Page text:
Clothing color value and facial expression: Effects of evaluations of female job applicants

Mary Lynn Damhorst1, J. Ann Pinaire Reed2
1Iowa State University, United States
2The University of Texas at Austin, United States
Cite this article:  Damhorst, M., & Reed, J. (1986). Clothing color value and facial expression: Effects of evaluations of female job applicants. Social Behavior and Personality: An international journal, 14, 89-98.

Volume 14 Issue 1 | e491 | Published: February 1986 | DOI: https://doi.org/10.2224/sbp.1986.14.1.89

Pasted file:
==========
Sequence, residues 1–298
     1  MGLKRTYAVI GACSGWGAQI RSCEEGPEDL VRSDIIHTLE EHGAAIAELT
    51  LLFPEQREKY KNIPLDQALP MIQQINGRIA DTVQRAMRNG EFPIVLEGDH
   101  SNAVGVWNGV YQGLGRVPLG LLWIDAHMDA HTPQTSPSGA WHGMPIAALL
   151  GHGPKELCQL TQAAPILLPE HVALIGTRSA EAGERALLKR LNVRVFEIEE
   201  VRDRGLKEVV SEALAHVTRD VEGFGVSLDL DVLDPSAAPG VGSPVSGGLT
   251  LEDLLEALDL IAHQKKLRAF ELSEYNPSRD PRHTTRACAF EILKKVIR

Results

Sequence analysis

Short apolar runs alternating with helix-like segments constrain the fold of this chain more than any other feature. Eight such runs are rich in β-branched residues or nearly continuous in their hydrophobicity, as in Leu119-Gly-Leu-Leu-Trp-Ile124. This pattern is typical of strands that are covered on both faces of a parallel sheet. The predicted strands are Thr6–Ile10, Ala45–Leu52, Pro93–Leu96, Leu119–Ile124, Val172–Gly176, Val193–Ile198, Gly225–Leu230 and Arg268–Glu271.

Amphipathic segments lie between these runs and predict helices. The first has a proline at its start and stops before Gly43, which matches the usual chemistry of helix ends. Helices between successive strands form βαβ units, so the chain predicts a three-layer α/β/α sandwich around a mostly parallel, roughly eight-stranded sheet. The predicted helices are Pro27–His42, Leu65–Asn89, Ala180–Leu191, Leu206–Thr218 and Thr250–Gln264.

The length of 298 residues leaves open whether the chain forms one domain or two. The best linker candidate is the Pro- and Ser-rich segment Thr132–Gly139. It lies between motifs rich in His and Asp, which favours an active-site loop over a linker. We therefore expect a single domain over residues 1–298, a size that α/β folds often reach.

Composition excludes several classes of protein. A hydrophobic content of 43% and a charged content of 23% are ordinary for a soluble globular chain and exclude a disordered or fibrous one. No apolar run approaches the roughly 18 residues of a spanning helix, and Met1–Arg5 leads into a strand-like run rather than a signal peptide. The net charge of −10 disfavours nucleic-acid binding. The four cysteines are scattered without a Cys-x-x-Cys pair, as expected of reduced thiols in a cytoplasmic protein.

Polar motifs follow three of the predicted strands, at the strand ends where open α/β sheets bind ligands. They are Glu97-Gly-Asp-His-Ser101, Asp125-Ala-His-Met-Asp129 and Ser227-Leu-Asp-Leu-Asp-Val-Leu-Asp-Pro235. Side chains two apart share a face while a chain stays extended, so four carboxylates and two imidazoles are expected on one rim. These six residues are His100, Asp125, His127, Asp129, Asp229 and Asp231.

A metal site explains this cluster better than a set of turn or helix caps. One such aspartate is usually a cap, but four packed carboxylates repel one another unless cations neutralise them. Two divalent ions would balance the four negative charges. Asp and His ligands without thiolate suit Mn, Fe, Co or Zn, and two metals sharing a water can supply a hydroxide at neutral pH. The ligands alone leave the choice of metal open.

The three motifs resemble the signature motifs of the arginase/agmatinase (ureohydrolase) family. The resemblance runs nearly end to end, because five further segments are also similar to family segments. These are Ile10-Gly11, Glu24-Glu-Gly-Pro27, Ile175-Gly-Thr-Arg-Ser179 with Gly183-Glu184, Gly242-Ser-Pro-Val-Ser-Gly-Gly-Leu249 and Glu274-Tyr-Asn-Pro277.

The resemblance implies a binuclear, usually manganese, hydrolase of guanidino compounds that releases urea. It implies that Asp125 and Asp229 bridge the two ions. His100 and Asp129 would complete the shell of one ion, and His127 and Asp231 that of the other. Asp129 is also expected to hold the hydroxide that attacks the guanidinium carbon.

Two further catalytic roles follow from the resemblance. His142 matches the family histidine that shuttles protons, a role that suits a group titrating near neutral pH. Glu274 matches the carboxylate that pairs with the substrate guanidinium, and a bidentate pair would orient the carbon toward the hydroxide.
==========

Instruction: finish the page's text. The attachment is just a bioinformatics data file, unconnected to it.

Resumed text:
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Color value (light vs. dark) of clothing and facial expression (smiling vs. serious) were varied in photographs of 6 female job applicants. Male and female business persons (N = 208) judged the photographs on 14 semantic differential scales. Facial expression significantly affected evaluations of character-sociability characteristics. Clothing color value was more important in influencing perceptions of potency, i.e., competence and boldness, but only for male interviewers. Results indicate that clothing color may have significant but not substantial impact on hiring decisions made by male business persons..
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